A film about two homicide detectives' (Morgan Freeman and (Brad Pitt desperate hunt for a serial killer who justifies his crimes as absolution for the world's ignorance of the Seven Deadly Sins. The movie takes us from the tortured remains of one victim to the next as the sociopathic "John Doe" (Kevin Spacey) sermonizes to Detectives Somerset and Mills -- one sin at a time. The sin of Gluttony comes first and the murderer's terrible capacity is graphically demonstrated in the dark and subdued tones characteristic of film noir. The seasoned and cultured but jaded Somerset researches the Seven Deadly Sins in an effort to understand the killer's modus operandi while the bright but green and impulsive Detective Mills (Pitt) scoffs at his efforts to get inside the mind of a killer... Written by
Mark Fleetwood <email@example.com>
For the greed scene, Gene Borkan, who plays the victim was hog-tied and only wearing his underwear for most of shooting, and he was covered in over two gallons of fake blood. The blood was so thick and sticky, that his knees became stuck to the floor. See more »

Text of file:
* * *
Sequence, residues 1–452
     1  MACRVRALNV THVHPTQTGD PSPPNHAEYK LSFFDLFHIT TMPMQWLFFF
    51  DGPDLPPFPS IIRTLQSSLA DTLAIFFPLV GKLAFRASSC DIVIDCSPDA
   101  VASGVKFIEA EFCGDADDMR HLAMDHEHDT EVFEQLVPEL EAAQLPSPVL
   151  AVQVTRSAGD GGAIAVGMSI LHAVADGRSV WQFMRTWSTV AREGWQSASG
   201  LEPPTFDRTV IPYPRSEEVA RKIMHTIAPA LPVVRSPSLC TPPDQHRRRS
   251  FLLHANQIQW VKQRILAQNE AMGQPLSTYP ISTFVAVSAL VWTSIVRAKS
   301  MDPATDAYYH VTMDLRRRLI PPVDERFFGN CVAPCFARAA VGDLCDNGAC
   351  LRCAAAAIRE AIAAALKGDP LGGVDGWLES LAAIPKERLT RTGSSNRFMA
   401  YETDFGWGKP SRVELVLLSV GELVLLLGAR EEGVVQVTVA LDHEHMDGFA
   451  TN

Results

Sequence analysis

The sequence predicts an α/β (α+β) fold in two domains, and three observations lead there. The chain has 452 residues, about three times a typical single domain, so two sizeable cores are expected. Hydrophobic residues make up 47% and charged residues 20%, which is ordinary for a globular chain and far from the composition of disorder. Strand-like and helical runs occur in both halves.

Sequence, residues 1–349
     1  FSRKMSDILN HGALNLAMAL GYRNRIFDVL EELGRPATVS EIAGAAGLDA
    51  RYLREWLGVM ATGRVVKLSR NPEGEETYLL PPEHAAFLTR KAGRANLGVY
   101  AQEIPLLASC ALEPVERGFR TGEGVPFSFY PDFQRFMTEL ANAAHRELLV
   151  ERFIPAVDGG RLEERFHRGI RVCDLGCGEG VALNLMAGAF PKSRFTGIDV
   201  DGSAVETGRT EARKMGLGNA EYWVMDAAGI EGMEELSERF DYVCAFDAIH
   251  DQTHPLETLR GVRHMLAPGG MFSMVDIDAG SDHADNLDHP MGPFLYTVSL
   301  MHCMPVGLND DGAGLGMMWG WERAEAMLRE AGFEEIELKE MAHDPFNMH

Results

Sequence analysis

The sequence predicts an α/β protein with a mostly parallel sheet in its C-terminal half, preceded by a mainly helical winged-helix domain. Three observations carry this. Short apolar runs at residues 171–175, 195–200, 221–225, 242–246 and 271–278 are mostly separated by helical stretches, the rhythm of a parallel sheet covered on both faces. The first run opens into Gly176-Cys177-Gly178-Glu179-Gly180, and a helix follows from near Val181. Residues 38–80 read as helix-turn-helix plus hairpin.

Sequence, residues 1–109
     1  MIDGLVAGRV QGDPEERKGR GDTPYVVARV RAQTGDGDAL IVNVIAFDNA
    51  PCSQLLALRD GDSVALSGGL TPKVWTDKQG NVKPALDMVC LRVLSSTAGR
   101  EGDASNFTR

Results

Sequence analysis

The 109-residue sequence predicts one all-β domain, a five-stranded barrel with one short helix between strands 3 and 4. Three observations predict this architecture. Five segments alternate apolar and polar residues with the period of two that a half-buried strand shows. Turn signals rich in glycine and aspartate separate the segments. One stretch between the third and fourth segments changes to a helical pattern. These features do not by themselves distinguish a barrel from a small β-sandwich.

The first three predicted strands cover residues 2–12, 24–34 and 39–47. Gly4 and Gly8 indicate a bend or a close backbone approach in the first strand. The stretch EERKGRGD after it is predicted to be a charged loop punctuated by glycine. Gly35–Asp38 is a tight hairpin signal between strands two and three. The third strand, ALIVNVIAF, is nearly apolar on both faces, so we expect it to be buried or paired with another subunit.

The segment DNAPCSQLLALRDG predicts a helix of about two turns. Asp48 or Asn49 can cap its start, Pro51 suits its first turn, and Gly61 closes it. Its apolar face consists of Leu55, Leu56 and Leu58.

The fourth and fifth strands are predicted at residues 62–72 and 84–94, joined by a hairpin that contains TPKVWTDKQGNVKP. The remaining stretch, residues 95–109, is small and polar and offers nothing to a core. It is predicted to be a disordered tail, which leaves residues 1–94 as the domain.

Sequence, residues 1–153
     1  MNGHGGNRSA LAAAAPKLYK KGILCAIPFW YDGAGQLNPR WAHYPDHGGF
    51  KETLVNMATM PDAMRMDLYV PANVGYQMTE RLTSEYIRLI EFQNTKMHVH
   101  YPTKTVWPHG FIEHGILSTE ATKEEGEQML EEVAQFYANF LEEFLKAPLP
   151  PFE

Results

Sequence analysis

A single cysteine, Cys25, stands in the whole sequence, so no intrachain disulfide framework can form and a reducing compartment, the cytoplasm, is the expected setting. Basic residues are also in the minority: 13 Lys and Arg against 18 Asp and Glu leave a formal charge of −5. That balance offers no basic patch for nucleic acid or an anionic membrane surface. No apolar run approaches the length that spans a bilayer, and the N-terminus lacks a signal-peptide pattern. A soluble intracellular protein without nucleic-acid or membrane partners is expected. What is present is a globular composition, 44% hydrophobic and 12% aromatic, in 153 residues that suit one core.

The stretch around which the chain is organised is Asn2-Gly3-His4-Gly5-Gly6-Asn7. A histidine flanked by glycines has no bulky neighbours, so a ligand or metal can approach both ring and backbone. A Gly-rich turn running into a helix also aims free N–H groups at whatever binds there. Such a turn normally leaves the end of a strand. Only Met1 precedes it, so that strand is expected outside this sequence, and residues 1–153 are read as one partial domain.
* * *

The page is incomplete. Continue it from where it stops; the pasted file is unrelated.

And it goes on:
There are at least 3 copies of Dante Alighieri's Divine Comedy which Somerset places on the table. The red-bound copy which is the focus of an earlier shot is seen underneath a copy of Geoffrey Chaucer's The Canterbury Tales. Beneath the red one is a larger printing of the book with a dust-jacket, and at the top of the other pile is a smaller, blue-covered version of the book. See more »
Neighbors heard them screaming at each other, like for two hours, and it was nothing new. Then they heard the gun go off, both barrels. Crime of passion.
Yeah, just look at all the passion on that wall.
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The opening credits are done over broken, blurred images of John Doe removing the skin from his fingertips and sewing it into his journals. See more »
Superbly crafted drama delves into darkest corners of the psyche
David Fincher's bleak, relentless, and ultimately terrifying crime thriller Seven transcends other films of the genre with incredible plotting (the sort Hitchcock might employ were he alive and making films in the 1990s) and scalding intelligence. With only a small handful of minor flaws -- the overly familiar retiring cop/young cop pairing; the awful "I'm taking you off the case!" cliche seemingly required by the genre; one giant lapse in logic in the downward spiral toward the conclusion that cannot be revealed without ruining the script's gruesome surprise -- Seven typically keeps its viewers imprisoned in their seats with a combination of morbid fascination and abject fear. Despite attempts by studio executives to alter Andrew Kevin Walker's ending, the filmmaking team prevailed and audiences experienced that rare treat of mainstream cinema: an uncompromising vision.
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